Informed Consent & Shared Decision Making - What patients like you and I want to know
~ by John T. James, member of the Patient Council
In many states informed consent is legally defined in terms of what a reasonable patient wishes to know; however, that remains undefined for a situation where a patient faces a possible invasive procedure, but wishes to make a fully informed decision and maintain control of what happens to him or her. My colleagues and I developed a 10-question survey that we administered to nursing students, mature health-professions educators and ordinary people across the U.S.
My colleagues and I affirmed that a reasonable patient would want to know far more information than is generally conveyed during typical shared-decision making and informed consent. Survey respondents wanted to know risks and benefits of all treatment options, the risks and benefits of off-label and box-warning drugs. They wished to view decision aids, know precisely who will perform their procedure, and their anticipated out-of-pocket costs. Their desire was for an advocate to be present during shared-decision making, have periodic opportunities to review their medical record, have a full day to review informed-consent documents, and to be made aware of expected outcomes and restrictions after the procedure (including the risk of infection). We expect our findings to have implications for what defines a reasonable-patient standard for informed consent.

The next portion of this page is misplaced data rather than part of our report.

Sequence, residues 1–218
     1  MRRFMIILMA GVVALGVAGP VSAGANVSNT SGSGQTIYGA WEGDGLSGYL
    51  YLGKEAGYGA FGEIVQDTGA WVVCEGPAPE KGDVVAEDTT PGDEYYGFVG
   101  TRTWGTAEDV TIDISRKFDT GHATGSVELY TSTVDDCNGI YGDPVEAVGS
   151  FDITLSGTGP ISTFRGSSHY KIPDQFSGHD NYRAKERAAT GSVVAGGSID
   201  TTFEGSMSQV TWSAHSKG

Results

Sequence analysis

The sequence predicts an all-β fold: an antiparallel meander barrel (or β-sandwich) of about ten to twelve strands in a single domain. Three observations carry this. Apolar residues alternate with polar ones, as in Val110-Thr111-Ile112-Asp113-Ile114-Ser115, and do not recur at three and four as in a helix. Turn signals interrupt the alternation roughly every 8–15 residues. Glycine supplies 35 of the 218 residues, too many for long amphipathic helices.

I am offering this information to our RCA Patient Council members, especially those who may be anticipating an invasive medical procedure, so that you may better understand the questions that should be asked and the insights needed to optimize your care (Table 2). You will surely benefit from knowing the important pieces of information about your procedure — “all treatment options, risky drugs, decision aids, who will perform the procedure, and the cost” — before the surgery. The paper is open access, so anyone may read it here (link will open a PDF in a new browser tab).